Since the publication of the Holocaust memoir, The Diary of Anne Frank, one question has been advertently asked by the public, “Who betrayed the Frank family to the Nazis?” 

The cold case investigation started in 2016 has revealed a Jewish notary from Amsterdam named Arnold van den Bergh to be the prime suspect who betrayed the Frank family.

How Was The Investigation Started?

Graphic representation of Anne Frank’s diary by Ari Folman.

Anne Frank died at the Nazi concentration camp of Bergen Belsen in 1945. The autobiography written for two years during her hiding helped in building the historical particularism of the times. Her diary was kept by one of the helpers named Miep Gies till the publication by her father Otto Frank in 1947.

In 1947 and 1963, two official investigations were undertaken to discover the informant who exposed the hiding place of the Frank family to the Nazis. Despite the failure, biographers and researchers have been heavily interested in the matter.

In 2016, the current cold case investigation started. The Dutch officials, Bayens and Pieter van Twisk, hired a retired FBI agent named Vince Pankoke from Florida to investigate to find the informant’s identity.

An exclusive international cold case team consisting of data, behavioral, forensic and social scientists, criminologists, psychologists, handwriting experts and many others were made. Modern Big data technique was used for the investigation along with Microsoft developed artificial intelligence program. From the analysis of public and private archives to holding interviews; shoe-leather reporting was carried out.

From visualization of suspects hiding spots in maps to the elimination of countless red herrings, modern technology helped them to find relations between people which otherwise would have taken years.

The details of the six years investigations will be released in the Canadian author, Rosemary Sullivan’s new book, “The Betrayal of Anne Frank”. The 400-page book will be the labyrinth of living history from the 1940s to the current investigation.

Also Read: Back In Time: Anne Frank, 15-year-old Jewish Diarist Discovered And Arrested

Who Is The Suspect?

The informant is suspected to be Arnold van den Bergh, a Jewish Notary figure hailing from Amsterdam. He was a member of the Amsterdam Jewish Council. The Council was disbanded in 1943, its members were supposed to implement Nazi policy in Jewish areas.

While most members were sent to concentration camps after disbandment, Van den Bergh lived in Amsterdam till his death in 1950 according to the Dutch newspaper de Volkskrant reports.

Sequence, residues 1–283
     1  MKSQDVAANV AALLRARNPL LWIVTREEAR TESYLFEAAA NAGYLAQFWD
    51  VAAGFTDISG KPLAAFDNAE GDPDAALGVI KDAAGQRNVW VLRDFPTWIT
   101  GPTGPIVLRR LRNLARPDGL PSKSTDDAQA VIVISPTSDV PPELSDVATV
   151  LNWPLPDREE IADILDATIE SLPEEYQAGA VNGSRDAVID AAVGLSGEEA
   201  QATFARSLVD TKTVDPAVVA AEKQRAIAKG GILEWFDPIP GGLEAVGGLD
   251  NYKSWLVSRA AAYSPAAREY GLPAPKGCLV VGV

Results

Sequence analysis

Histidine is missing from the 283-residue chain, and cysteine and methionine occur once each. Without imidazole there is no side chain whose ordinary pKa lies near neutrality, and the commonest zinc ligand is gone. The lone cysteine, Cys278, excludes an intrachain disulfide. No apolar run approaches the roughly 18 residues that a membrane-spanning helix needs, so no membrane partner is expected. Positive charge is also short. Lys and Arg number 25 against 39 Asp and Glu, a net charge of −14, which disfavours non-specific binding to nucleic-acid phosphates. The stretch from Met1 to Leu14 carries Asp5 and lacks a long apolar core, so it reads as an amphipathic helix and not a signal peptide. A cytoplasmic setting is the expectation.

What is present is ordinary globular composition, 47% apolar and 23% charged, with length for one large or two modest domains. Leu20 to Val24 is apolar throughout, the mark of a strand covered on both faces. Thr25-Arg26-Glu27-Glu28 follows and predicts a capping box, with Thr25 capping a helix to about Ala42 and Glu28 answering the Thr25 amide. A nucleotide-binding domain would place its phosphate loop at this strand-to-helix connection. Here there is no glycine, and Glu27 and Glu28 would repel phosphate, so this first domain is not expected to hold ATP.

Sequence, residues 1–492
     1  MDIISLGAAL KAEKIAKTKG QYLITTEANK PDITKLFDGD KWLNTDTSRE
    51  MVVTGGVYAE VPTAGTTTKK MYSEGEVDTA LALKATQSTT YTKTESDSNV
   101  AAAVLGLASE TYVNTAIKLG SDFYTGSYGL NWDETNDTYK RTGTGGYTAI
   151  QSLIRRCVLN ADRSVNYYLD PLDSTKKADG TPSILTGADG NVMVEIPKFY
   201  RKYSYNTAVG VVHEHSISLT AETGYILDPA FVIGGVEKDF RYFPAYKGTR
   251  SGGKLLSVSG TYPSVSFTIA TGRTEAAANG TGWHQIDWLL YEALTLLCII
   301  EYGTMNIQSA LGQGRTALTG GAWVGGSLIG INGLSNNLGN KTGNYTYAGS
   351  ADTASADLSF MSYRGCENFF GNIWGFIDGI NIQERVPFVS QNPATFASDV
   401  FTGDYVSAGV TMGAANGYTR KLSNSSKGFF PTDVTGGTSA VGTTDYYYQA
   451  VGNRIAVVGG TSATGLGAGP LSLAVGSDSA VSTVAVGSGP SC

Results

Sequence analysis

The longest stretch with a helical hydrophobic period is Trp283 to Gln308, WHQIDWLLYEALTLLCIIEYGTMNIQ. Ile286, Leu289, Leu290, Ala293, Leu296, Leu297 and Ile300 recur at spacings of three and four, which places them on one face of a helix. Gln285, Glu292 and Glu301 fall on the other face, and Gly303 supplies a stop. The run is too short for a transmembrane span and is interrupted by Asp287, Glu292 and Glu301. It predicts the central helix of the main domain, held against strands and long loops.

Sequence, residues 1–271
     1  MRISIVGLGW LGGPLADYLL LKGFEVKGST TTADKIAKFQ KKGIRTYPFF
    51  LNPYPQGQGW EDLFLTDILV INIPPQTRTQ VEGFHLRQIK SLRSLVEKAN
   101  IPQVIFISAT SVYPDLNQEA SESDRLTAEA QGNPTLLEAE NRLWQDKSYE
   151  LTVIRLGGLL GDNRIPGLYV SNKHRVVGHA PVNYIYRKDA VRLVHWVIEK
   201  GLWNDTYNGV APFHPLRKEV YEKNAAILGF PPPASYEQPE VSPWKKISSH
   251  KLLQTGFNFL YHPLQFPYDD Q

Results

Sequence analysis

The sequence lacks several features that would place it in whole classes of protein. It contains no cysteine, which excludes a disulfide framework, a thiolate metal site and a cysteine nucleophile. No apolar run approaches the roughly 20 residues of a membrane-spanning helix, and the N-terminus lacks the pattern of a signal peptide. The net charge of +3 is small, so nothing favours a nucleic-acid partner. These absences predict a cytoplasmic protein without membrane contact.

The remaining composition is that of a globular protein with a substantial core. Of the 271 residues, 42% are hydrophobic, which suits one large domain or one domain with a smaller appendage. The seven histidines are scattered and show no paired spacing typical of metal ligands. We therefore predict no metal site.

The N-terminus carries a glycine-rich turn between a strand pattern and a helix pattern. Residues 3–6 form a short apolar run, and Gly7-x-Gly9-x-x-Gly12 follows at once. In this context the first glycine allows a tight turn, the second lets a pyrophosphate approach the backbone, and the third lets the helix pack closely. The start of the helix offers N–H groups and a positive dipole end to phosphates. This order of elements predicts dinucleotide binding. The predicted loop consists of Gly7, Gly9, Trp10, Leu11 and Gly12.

Pieter van Twisk stated that in an old post-war document collection, an unsigned note sent to Anne’s father Otto was found. The note specifically mentioned that the suspect Van den Bergh passed information. So why did Van den Bergh reveal the address of Otto Frank and other Jewish families?

The retired FBI agent, Vince Pankoke told, “When van den Bergh lost all his series of protections exempting him from having to go to the camps, he had to provide something valuable to the Nazis that he’s had contact with to let him and his wife at that time stay safe.”

The team suspects that Otto Frank, despite knowing about the information, kept silent due to its probability of fraudulence. Another probability is that the revelation of the identity might have made the suspect’s family live in danger.

Is The Investigation True?

The Holocaust had the most conflicting Dutch living memory. Is the data reliable?

Johannes Houwink ten Cate, the emeritus professor of Holocaust and Genocide studies from Amsterdam University said that with big accusations there was a need for big evidence. If there were a list of Jews in hiding, it would have surfaced.

The historian Erik Somers from the Dutch NIOD Institute for War, Holocaust and Genocide Studies was conflicted around the accountability of the anonymous note and assumptions regarding the Amsterdam Jewish institutions unsupported by historical research. He applauded the extensive investigation but was unsure about the outcome.

He said Van den Bergh might not have been deported to a concentration camp as he was an influential person than the remunerative for revealing the location of the Frank family. 

The interplay of collective memories and historical investigations will always undeniably allude to the dehumanized oppression of the time. The story of Anne Frank is part of our living memory of the times that have been and the times we do not want in the future.

Disclaimer: This article is fact-checked

Image Credits: Google Photos

Source: BBCCNNThe New York Times

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This post is tagged under: Anne Frank, The Diary of Anne Frank, Otto Frank, Frank family, Jews, Holocaust, Nazis, Hitler, Netherlands, Amsterdam, Postwar document, informant, suspect, cold case, The Betrayal of Anne Frank, Rosemary Sullivan’, van den Bergh, concentration camp, The Vigil, Resistance, Holocaust memory, Dutch nationals, historical research, investigation

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